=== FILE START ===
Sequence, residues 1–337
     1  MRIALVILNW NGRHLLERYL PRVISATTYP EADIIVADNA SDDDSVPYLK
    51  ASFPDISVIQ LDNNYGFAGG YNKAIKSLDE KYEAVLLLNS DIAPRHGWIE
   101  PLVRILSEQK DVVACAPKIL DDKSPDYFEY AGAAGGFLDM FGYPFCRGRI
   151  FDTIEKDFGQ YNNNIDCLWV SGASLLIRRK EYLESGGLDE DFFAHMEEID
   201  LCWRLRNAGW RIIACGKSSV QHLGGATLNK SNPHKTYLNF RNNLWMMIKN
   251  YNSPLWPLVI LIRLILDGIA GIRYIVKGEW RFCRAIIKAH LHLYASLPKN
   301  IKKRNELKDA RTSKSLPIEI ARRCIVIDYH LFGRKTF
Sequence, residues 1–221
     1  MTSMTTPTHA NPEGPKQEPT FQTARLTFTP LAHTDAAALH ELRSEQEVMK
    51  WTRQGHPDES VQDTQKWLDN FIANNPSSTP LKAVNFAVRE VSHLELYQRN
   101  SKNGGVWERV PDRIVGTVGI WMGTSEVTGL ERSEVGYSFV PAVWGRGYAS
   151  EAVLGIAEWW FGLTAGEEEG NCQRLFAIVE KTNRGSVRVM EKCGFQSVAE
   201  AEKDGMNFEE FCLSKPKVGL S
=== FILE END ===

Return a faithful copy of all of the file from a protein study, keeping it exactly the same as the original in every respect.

Sequence, residues 1–337
     1  MRIALVILNW NGRHLLERYL PRVISATTYP EADIIVADNA SDDDSVPYLK
    51  ASFPDISVIQ LDNNYGFAGG YNKAIKSLDE KYEAVLLLNS DIAPRHGWIE
   101  PLVRILSEQK DVVACAPKIL DDKSPDYFEY AGAAGGFLDM FGYPFCRGRI
   151  FDTIEKDFGQ YNNNIDCLWV SGASLLIRRK EYLESGGLDE DFFAHMEEID
   201  LCWRLRNAGW RIIACGKSSV QHLGGATLNK SNPHKTYLNF RNNLWMMIKN
   251  YNSPLWPLVI LIRLILDGIA GIRYIVKGEW RFCRAIIKAH LHLYASLPKN
   301  IKKRNELKDA RTSKSLPIEI ARRCIVIDYH LFGRKTF
Sequence, residues 1–221
     1  MTSMTTPTHA NPEGPKQEPT FQTARLTFTP LAHTDAAALH ELRSEQEVMK
    51  WTRQGHPDES VQDTQKWLDN FIANNPSSTP LKAVNFAVRE VSHLELYQRN
   101  SKNGGVWERV PDRIVGTVGI WMGTSEVTGL ERSEVGYSFV PAVWGRGYAS
   151  EAVLGIAEWW FGLTAGEEEG NCQRLFAIVE KTNRGSVRVM EKCGFQSVAE
   201  AEKDGMNFEE FCLSKPKVGL S